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Chapter 1. THE BEGINNING OF HTML AND THE... >  The World Wide Web Consortium and C...

The World Wide Web Consortium and Cascading Style Sheets

Tim Berners-Lee created the Web at CERN, and the initial standards for HTML 1.0 and HTML 2.0 were governed by them. But CERN's main focus is as an international center for particle physics research, and with the growth in popularity of the Web, CERN abdicated its role as the standards-setting body for HTML in 1994. It passed the torch to a new body called the World Wide Web Consortium (better known simply as "W3C"). The W3C has convinced major software companies, including Netscape Communications, Microsoft, IBM, Novell, Sun Microsystems and many more, to become members of this standards body. This arrangement provides the software firms with lines of communication to other member firms and to a body recognized as authoritative in the devising and setting of a workable standard for HTML. The W3C is designed to be a neutral meeting ground, where competing companies can come together to contribute to and comply with future Web standards.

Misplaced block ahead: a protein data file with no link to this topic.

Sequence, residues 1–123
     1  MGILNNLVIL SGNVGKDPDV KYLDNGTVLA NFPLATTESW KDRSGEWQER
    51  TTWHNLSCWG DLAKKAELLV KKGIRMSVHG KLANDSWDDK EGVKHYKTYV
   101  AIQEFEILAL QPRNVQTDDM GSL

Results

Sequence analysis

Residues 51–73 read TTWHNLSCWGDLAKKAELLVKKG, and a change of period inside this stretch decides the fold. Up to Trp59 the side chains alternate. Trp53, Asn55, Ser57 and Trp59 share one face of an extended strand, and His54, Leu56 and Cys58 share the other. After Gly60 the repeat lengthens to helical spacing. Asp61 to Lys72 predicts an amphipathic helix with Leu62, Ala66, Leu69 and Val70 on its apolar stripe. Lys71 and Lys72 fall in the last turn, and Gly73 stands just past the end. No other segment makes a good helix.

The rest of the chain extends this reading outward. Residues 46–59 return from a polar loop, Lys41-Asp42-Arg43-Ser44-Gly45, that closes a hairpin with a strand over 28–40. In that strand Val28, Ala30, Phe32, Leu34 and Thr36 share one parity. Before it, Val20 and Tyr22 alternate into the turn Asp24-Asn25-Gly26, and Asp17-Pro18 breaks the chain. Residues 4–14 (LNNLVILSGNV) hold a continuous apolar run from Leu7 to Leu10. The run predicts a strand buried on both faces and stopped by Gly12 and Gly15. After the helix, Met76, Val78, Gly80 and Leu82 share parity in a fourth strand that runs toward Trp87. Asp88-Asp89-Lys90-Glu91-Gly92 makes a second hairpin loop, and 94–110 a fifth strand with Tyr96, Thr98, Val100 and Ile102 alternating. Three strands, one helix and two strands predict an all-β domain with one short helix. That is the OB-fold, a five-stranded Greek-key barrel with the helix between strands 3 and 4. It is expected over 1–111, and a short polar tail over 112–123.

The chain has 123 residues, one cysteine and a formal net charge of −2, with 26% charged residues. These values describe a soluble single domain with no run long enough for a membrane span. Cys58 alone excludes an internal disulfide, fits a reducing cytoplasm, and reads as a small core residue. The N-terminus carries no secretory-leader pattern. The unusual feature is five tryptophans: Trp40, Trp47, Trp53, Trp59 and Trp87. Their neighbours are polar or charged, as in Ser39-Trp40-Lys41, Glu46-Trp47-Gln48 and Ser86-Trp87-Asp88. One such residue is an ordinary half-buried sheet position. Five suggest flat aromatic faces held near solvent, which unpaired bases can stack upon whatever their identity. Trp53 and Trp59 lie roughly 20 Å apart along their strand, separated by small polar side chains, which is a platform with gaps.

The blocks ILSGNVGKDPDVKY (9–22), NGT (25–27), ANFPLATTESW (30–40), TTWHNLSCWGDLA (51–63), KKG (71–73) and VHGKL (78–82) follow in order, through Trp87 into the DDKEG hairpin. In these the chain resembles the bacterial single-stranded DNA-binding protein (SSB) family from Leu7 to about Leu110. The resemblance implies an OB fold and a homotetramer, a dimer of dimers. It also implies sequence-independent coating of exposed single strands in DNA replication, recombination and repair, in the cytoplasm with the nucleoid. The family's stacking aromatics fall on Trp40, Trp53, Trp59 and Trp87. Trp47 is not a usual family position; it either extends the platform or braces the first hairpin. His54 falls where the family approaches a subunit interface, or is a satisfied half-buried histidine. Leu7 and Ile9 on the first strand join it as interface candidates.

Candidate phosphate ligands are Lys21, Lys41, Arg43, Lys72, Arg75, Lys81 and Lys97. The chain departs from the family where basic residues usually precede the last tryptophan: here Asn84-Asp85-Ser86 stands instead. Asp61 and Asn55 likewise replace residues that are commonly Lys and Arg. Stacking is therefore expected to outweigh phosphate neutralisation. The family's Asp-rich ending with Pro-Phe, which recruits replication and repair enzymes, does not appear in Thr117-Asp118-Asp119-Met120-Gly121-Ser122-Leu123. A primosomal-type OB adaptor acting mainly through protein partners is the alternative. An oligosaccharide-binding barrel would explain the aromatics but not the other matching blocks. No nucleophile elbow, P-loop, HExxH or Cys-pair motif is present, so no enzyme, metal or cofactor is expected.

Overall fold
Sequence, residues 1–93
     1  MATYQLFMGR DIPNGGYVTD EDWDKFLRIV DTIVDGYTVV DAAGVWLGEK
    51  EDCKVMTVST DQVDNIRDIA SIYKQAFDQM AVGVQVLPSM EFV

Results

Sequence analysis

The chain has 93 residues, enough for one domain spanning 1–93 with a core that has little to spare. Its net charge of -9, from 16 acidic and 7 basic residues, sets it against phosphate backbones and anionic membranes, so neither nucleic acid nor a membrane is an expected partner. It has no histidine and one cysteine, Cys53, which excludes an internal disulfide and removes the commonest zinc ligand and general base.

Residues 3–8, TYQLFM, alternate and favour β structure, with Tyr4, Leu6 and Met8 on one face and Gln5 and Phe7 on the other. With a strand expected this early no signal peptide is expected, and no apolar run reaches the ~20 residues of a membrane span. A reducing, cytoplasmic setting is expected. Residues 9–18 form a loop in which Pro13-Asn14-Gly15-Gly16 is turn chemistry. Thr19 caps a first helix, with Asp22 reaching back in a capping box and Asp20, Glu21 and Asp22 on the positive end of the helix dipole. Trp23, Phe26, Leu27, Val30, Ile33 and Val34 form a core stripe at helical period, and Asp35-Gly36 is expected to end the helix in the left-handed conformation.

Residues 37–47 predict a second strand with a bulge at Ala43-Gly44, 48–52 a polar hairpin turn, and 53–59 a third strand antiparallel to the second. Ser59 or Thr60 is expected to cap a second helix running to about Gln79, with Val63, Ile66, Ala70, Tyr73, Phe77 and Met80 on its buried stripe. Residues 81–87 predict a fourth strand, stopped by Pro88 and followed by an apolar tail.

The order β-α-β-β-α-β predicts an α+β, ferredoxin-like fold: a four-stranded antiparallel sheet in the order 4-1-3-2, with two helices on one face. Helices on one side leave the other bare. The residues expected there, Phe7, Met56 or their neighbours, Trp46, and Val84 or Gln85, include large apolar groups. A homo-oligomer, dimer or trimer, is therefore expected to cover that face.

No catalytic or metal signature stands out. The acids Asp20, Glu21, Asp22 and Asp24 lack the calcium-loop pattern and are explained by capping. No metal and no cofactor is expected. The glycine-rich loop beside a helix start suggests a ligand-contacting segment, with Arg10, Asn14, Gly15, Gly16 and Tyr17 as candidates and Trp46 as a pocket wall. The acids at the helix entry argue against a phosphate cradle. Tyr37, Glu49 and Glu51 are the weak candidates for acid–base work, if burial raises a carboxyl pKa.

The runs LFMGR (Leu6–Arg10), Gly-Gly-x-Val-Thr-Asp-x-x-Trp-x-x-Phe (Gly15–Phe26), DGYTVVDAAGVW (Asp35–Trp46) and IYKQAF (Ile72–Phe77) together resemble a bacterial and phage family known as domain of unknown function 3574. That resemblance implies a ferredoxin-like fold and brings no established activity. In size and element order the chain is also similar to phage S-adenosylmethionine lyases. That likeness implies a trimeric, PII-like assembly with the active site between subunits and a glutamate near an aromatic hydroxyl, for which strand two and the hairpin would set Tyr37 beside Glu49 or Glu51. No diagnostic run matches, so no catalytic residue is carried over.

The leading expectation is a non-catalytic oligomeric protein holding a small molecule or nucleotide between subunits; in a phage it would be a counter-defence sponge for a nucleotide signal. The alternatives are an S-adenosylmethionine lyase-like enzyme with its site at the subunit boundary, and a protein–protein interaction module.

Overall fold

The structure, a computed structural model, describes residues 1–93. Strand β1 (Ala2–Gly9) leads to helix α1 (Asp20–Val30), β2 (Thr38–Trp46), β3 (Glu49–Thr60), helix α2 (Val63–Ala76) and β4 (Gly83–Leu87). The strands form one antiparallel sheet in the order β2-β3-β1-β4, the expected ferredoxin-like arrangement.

The W3C recognized the need to introduce some stability to HTML, and tried to consolidate existing HTML standards, first with the official HTML 3.2 specification, and later with the HTML 4.0 specification. These specifications adopted many of the HTML tags made popular in both Internet Explorer and Netscape Navigator, even though these tags often failed to conform to one of HTML's main guiding principles, that the markup should reflect the structure of a document rather than its physical layout.


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